- a member of a band of irregular soldiers that uses guerrilla warfare, harassing the enemy by surprise raids, sabotaging communication and supply lines, etc.
- pertaining to such fighters or their technique of warfare: guerrilla strongholds; guerrilla tactics.
Origin of guerrilla
Examples from the Web for guerilla
MIAMI — Fidel Castro seized power in January 1959 after waging a guerilla war against then-dictator Fulgencio Batista.Cuba Is A Kleptocracy, Not Communist
December 19, 2014
So practically speaking, the Satanic Temple is less a religion than a small band of guerilla activists.Satan Is Coming to Oklahoma
December 10, 2013
Guerilla Games' Killzone: Shadow Fall is the best-looking videogame ever released on a home console.PlayStation 4 Review: The PS4 and the Gorgeous Next Generation of Gaming
November 15, 2013
Rumor had it that the two were sympathetic to the guerilla groups.Argentina’s Dirty War Casts a Pall Over Bergoglio
March 15, 2013
She spends her time carrying out a guerilla war of passive-aggressive acts against him that escalates with each passing day.This Week’s Hot Reads: Jan. 14, 2013
Jimmy So, G. Clay Whittaker
January 14, 2013
Dick believed from his gesture that he did not like the guerilla leader, or at least he hoped so.The Rock of Chickamauga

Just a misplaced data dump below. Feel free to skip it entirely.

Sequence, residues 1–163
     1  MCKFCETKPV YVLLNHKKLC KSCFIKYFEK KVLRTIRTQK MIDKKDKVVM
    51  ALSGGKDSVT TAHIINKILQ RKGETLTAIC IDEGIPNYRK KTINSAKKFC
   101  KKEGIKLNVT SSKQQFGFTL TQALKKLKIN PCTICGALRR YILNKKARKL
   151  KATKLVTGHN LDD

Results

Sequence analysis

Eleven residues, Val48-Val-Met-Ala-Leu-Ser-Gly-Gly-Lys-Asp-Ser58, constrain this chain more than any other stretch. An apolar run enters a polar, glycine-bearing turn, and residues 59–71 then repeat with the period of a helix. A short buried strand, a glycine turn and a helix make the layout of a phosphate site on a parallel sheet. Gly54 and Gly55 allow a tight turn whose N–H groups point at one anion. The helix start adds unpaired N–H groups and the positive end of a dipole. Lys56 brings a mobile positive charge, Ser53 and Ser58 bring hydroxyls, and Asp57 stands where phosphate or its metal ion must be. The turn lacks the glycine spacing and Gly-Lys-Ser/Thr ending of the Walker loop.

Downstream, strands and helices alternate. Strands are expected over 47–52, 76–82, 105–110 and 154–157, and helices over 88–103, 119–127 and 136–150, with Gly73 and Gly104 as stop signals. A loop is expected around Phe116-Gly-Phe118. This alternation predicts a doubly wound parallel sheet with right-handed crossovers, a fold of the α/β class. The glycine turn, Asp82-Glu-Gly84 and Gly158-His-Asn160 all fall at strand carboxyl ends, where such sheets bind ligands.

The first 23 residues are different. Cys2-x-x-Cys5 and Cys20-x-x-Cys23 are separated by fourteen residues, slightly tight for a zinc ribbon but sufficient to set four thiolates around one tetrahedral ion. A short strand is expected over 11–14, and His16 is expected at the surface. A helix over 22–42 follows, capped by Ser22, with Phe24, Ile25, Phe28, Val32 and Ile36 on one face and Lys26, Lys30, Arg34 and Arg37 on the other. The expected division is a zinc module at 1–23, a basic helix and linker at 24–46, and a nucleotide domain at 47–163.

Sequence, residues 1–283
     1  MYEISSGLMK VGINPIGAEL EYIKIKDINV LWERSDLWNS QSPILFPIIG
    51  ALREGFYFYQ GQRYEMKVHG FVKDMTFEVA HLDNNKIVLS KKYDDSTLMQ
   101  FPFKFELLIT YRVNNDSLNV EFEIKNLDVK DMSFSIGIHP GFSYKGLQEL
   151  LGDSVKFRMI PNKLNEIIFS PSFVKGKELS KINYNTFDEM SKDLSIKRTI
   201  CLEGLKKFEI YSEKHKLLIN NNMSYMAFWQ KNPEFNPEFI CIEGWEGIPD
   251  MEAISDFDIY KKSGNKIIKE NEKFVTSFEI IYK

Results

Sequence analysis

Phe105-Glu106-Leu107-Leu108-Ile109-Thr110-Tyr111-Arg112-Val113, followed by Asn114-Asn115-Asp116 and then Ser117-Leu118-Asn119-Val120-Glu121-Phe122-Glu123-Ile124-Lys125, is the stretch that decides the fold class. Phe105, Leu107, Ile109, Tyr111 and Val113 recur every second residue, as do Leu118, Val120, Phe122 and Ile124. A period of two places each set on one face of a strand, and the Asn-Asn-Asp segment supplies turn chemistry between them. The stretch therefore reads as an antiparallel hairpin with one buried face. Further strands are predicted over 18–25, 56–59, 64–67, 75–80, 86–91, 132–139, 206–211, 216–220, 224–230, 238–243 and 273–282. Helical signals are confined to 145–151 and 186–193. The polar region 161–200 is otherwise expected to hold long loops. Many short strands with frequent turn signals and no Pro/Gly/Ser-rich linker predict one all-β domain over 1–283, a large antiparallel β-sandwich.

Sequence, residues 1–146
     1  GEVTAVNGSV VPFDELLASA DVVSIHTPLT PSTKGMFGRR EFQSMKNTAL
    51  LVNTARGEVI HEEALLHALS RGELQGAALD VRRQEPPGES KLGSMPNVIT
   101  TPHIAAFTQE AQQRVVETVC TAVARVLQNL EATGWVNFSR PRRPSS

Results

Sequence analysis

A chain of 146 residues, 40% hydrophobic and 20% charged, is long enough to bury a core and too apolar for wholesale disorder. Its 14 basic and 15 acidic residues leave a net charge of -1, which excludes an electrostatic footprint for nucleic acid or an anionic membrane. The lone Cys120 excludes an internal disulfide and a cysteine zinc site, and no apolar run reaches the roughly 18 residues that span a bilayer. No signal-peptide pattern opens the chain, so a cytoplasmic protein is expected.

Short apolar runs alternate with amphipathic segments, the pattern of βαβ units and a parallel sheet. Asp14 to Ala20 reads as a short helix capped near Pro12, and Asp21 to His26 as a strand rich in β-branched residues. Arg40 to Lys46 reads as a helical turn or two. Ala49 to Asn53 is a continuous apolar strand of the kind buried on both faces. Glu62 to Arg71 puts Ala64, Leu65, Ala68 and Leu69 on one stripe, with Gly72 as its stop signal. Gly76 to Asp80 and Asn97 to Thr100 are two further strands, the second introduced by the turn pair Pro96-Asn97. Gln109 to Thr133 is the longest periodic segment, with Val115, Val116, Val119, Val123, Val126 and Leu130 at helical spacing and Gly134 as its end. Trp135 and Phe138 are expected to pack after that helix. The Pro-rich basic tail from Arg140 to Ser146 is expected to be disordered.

Joseph A. Altsheler
No, he's Federal, Confederate or guerilla as it may suit his bloody ends.The Cavalier
George Washington Cable
His company was sent to break up a band of guerilla rancheros at Antigua.The Strollers
Frederic S. Isham
These places have been occupied for some time past by Mosby's guerilla bands.Three Years in the Federal Cavalry
He did not at all correspond with Terence's ideas of a guerilla chief.Under Wellington's Command
G. A. Henty
- a member of an irregular usually politically motivated armed force that combats stronger regular forces, such as the army or police
- (as modifier)guerrilla warfare
- a form of vegetative spread in which the advance is from several individual rhizomes or stolons growing rapidly away from the centre, as in some cloversCompare phalanx
Word Origin and History for guerilla
variant of guerrilla (q.v.); cf. French guérilla.
"fighter in an irregular, independent armed force," 1809, from Spanish guerrilla "body of skirmishers, skirmishing warfare," literally "little war," diminutive of guerra "war," from a Germanic source (cf. Old High German werra "strife, conflict, war;" see war). Figurative use by 1861. As an adjective from 1811. Acquired by English during the Peninsular War (1808-1814); purists failed in their attempt to keep this word restricted to "irregular warfare" and prevent it taking on the sense properly belonging to guerrillero "guerrilla fighter."